Constance Moore was born in Iowa but grew up and began her career in Dallas. More about her here and here; glamour photos here.

The “Texas” lyrics were reported by Earl Wilson to have been written by David Roger (for Juliana Larson, in 1953) and by Earl Brent (for Connie Moore, in 1958). The partial lyrics Wilson quoted in 1953 and 1958 were the same. …So there you go. (I changed the order of one line, because it seems that Wilson got the lines of the first verse in the wrong order.)

I’m not sure where I found that Neiman’s map, but it’s cool. (Why IS the “X “is the hinterlands, anyway?)

Enjoy your 4th of July weekend! And don’t burn anything down!

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Copyright © 2015 Paula Bosse. All Rights Reserved.

Commerce Street — 1942-ish

commerce-st_RPPC-1942_ebayCommerce St. (click for larger image)

by Paula Bosse

Today, a somewhat random shot of Commerce Street from the early 1940s.

…And now I have a hankering for a Dr Pepper.

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Cropped shot of an item currently being offered on eBay, here.

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Copyright © 2015 Paula Bosse. All Rights Reserved.

A New Turbine Power Station for Big D — 1907

power-station_1907New and old power plants, 1907 (click for much larger image)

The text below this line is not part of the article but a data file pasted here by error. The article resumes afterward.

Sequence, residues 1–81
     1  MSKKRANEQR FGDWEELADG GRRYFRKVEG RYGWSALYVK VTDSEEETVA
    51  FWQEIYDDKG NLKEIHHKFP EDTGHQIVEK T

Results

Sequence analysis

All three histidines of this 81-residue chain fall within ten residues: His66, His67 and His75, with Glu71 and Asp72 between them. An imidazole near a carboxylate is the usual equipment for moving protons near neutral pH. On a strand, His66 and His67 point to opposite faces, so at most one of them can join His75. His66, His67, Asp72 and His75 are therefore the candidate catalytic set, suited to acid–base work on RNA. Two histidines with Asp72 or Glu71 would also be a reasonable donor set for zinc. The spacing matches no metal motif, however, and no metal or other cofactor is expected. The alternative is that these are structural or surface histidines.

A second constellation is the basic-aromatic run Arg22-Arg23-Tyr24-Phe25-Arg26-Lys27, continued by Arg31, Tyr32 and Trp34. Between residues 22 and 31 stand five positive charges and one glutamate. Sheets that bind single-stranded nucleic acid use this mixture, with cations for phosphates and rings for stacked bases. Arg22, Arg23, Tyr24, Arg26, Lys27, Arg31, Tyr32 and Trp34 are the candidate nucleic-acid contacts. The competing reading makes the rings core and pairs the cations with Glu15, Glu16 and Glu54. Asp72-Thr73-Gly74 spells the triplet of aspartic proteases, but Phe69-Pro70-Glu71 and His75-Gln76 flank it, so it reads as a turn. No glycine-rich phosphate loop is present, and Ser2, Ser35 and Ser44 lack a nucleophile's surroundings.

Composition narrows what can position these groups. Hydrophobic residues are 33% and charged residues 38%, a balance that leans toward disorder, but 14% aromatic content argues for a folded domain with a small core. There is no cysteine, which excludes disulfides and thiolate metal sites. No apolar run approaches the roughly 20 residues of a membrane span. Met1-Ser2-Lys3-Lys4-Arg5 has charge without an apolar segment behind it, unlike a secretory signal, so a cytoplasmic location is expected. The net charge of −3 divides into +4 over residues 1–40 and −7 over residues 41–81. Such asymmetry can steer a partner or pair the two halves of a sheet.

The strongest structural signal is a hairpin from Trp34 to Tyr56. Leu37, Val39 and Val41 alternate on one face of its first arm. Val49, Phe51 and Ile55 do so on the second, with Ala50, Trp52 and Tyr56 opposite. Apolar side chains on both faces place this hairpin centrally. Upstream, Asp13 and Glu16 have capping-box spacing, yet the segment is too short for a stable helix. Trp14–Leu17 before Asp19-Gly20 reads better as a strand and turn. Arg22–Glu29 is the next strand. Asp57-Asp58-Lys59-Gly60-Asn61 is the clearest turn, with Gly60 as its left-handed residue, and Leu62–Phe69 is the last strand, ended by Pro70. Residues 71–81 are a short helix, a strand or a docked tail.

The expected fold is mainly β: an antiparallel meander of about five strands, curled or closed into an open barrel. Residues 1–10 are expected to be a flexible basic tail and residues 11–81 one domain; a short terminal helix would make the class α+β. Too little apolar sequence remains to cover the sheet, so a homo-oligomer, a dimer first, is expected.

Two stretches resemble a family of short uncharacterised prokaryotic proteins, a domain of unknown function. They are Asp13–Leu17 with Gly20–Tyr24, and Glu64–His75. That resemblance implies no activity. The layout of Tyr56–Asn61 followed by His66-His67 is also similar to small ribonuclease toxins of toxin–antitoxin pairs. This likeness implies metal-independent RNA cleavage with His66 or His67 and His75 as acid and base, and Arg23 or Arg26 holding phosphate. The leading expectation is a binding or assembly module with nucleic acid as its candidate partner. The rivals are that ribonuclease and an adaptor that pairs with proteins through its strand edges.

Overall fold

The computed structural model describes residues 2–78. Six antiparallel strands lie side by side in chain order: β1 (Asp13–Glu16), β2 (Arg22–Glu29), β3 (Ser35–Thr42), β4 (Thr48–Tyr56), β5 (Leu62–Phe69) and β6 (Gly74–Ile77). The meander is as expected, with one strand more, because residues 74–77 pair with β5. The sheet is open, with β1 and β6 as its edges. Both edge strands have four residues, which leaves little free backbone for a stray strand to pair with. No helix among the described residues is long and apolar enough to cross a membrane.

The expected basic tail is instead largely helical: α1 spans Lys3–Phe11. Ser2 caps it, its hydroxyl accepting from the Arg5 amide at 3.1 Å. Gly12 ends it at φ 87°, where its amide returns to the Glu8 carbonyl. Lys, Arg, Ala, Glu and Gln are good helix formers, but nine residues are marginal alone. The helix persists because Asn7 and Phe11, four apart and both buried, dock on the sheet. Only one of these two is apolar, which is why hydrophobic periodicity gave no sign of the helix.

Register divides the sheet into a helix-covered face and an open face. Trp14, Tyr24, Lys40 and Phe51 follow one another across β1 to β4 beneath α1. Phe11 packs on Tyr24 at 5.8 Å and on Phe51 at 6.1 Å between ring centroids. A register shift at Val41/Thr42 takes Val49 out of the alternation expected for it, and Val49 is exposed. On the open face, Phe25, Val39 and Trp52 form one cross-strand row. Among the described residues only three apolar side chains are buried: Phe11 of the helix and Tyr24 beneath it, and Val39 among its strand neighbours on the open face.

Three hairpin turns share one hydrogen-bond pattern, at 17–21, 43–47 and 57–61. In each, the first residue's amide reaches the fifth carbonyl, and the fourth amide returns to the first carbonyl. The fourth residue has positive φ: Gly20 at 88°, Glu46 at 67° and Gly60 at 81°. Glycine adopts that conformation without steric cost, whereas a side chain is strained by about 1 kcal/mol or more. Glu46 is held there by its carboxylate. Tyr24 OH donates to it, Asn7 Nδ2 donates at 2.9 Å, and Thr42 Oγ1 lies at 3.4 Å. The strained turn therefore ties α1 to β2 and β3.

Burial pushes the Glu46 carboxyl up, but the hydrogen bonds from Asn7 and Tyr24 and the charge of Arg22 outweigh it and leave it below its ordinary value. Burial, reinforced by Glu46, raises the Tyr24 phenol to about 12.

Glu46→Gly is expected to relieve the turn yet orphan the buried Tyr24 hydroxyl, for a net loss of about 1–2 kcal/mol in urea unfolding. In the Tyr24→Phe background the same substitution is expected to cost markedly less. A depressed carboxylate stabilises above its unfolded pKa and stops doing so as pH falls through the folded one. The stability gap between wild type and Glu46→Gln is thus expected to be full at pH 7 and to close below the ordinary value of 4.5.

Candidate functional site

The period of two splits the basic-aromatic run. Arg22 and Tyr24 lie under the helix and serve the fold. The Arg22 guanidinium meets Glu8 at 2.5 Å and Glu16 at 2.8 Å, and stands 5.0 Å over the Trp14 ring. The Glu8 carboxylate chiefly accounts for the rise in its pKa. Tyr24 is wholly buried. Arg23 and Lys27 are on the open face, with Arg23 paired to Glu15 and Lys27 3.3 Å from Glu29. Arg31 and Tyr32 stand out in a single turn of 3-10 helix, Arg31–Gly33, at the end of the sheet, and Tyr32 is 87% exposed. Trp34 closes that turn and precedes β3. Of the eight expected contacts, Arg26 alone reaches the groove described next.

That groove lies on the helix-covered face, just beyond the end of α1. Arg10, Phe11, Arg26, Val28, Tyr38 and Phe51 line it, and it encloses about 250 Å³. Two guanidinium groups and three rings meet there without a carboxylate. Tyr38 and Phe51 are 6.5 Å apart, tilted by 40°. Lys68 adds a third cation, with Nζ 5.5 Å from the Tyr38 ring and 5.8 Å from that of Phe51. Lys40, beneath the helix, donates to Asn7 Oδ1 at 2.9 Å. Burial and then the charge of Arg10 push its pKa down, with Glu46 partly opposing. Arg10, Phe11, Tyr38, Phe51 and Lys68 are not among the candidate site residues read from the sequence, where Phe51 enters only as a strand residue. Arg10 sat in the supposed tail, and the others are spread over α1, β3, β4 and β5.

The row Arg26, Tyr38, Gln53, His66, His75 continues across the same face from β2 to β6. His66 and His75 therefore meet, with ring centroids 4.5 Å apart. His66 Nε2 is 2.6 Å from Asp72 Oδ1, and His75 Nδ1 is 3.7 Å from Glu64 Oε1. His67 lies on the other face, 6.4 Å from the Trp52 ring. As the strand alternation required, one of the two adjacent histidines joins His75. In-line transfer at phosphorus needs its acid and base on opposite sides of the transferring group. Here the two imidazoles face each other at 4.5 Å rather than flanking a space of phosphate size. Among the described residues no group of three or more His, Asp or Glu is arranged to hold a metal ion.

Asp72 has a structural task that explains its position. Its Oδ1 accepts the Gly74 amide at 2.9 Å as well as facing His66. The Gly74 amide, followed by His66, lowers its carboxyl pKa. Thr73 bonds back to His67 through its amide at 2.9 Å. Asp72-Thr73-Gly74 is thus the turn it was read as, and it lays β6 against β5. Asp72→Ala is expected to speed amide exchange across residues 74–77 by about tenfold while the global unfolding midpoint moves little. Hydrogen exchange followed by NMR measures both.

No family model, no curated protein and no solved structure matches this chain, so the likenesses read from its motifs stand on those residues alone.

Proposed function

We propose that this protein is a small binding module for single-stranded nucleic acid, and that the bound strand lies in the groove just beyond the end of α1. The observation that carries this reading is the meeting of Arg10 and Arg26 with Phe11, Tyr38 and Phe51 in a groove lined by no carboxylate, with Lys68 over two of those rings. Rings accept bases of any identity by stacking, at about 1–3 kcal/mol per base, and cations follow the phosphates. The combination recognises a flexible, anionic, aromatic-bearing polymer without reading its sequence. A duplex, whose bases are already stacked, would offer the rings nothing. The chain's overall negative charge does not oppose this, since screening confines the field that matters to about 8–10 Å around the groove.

by Paula Bosse

Construction began in 1906 on a new power plant for the Dallas Electric Light & Power Company. It was built next to the old power plant, and it furnished electricity for the city’s lighting and power needs as well as for its streetcars and interurban cars. When construction began, the project was expected to cost more than $500,000 (over $13 million in today’s money), a large (but necessary) expenditure for the growing city.

power-station_dmn_020906Dallas Morning News, Feb. 9, 1906

The photo at the top shows the new plant on the left, and the old 19th-century plant on the right. Here, a view from the other side:

power-station_ext_1907

Inside? A lot of fascinating stuff that looked like this (as well as a stern-looking man who appears to be trying to avoid the camera):

turbine-rm_1907

The power station was northwest of downtown, between the MKT and Cotton Belt and Rock Island railroad yards (approximately where the American Airlines Center is today). Before the Trinity was straightened and moved, the plant was only about half a mile from the banks of the river. Even though the grade of the new station’s floor was built above the highest flood level, the historic flood of 1908 put the plant out of commission for several days, but — probably because it was filled with brand new equipment — the city’s power was restored much faster than one might have expected.

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Photos are from the Street Railway Journal, May 18, 1907 (Vol. XXIX, No. 20). To view the entire 7-page article — which includes more photographs as well as several floorplans and schematics, all of which are very cool (even to someone like me who has absolutely no idea of what any of it means!) — check it out, here.